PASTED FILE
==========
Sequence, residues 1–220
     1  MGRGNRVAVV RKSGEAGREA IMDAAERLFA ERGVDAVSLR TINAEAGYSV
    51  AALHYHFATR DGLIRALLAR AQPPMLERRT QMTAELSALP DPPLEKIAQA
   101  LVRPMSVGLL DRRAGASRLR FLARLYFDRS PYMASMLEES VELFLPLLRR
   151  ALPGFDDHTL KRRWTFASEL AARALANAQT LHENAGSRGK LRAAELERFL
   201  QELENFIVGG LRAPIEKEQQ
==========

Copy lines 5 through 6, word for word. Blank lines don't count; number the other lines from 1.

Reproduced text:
   151  ALPGFDDHTL KRRWTFASEL AARALANAQT LHENAGSRGK LRAAELERFL
   201  QELENFIVGG LRAPIEKEQQ